The development and evolution of the Burdekin River estuary freshwater plume during Cyclone Debbie (2017)

Yuanchi Xiao, Xiao Hua Wang, Elizabeth A. Ritchie, Farhan Rizwi, Lulu Qiao

Research output: Contribution to journalArticlepeer-review

5 Scopus citations


This paper investigates the plume morphology and dynamics prior to and after the landfall of Cyclone Debbie (2017). The heavy rainfall and flooding produced a large buoyant coastal current, which moved southward after the cyclone landfall then advected northward with the prevailing southerly wind. The plume is simulated using the eReef GBR1 1-km model and a passive tracer is used to identify the plume behaviour. Based on the concentration of river tracers from the Burdekin River, the plume had propagated over 100 km to the north 23 days after the cyclone landfall. Based on an Empirical Orthogonal Function (EOF) analysis, the cyclone-induced river discharge is found to be the major cause for surface salinity variation with a lag time equal to 17 h. The response of surface plume area to the river flow is about 40 h lag with correlation coefficient = 0.68 and according to the wind strength index, the plume was controlled by buoyancy on c1 but could be controlled by wind in the far field. Wind also plays a very important role. Under weak downwelling wind forcing lower than 0.1 Pa, the plume thickness is sensitive to river discharge and tides. With stronger downwelling wind forcing larger than 0.1 Pa vertical mixing is generated, the plume is restricted to the coast, and high river discharge can only affect the thickness of the plume, but not its width. After Cyclone Debbie made landfall, upwelling winds developed, and the freshwater plume reversed direction from northward to southward most likely due to the influence of the northerly wind as well as the ambient current and topography.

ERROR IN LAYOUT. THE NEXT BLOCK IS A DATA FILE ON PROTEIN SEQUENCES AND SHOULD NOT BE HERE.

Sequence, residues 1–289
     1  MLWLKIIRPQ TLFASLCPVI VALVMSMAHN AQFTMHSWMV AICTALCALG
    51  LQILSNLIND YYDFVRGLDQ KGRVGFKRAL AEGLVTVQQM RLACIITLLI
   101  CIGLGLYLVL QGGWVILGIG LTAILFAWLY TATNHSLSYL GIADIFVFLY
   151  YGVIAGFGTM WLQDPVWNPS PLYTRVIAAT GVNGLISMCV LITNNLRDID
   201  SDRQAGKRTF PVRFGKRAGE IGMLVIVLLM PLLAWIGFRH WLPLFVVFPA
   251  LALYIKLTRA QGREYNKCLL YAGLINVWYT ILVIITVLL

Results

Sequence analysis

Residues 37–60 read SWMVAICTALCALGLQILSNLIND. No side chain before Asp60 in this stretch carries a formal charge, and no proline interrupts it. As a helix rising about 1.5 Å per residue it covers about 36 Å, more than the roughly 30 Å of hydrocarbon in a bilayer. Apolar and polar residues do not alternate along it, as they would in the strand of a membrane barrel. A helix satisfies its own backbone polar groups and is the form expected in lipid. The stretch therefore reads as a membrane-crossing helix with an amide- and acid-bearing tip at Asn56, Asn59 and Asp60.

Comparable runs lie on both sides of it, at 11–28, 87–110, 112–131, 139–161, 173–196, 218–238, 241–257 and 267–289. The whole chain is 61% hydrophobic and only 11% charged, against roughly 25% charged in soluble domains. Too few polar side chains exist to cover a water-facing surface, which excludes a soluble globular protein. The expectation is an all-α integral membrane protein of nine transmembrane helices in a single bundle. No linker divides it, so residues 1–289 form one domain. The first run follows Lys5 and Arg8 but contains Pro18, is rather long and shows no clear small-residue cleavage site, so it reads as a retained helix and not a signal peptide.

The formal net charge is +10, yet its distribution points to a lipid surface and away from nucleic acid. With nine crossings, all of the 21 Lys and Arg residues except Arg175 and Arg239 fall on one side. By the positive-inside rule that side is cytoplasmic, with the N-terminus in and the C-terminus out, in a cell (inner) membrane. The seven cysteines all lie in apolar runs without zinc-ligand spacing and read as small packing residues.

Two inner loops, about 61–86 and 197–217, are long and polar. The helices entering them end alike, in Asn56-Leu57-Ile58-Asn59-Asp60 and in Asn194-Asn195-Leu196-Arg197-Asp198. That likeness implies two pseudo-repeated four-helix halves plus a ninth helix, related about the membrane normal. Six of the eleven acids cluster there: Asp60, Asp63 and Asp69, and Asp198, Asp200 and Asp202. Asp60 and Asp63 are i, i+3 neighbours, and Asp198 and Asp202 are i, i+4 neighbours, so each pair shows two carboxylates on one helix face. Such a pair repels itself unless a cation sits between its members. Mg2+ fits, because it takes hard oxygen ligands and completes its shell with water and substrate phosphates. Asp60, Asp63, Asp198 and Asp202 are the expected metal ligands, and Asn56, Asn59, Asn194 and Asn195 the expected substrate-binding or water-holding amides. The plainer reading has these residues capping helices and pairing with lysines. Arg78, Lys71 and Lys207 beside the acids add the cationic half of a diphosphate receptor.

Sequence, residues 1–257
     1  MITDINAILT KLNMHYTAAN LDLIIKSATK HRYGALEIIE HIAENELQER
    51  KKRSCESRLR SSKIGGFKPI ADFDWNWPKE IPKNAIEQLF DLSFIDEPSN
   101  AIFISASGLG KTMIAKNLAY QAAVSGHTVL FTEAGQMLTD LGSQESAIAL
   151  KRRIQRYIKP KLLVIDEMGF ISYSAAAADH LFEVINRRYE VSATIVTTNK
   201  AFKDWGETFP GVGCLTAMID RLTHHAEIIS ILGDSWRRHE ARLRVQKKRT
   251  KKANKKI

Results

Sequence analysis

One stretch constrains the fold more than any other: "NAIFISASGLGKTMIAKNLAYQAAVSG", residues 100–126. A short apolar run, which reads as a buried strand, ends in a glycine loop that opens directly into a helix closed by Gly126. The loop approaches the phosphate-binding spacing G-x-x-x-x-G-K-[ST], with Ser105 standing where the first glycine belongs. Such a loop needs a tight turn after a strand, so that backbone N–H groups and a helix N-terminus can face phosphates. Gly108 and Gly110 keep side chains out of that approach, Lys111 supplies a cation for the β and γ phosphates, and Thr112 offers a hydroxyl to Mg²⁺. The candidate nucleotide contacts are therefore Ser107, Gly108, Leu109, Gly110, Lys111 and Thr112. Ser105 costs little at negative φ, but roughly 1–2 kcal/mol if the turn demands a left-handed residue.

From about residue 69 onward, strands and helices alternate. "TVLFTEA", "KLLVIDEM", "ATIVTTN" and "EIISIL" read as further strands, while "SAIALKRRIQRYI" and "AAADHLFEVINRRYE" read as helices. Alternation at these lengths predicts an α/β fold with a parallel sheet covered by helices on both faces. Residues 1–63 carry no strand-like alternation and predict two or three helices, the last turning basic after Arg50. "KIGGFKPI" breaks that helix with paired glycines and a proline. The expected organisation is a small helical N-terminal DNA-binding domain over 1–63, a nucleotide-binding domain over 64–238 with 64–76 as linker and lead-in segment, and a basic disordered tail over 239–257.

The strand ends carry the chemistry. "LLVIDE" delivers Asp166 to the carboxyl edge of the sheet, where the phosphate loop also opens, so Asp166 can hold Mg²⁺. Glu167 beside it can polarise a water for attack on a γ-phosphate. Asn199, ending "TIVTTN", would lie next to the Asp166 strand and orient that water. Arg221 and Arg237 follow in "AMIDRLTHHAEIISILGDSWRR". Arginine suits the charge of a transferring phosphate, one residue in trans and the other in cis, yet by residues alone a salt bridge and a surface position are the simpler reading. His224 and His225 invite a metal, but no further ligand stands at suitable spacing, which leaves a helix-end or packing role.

Original languageEnglish (US)
Pages (from-to)187-196
Number of pages10
JournalEstuarine, Coastal and Shelf Science
StatePublished - Aug 31 2019


  • Cyclone debbie
  • EOF analysis
  • Great barrier reef
  • Plume dynamics
  • The wind strength index

ASJC Scopus subject areas

  • Oceanography
  • Aquatic Science


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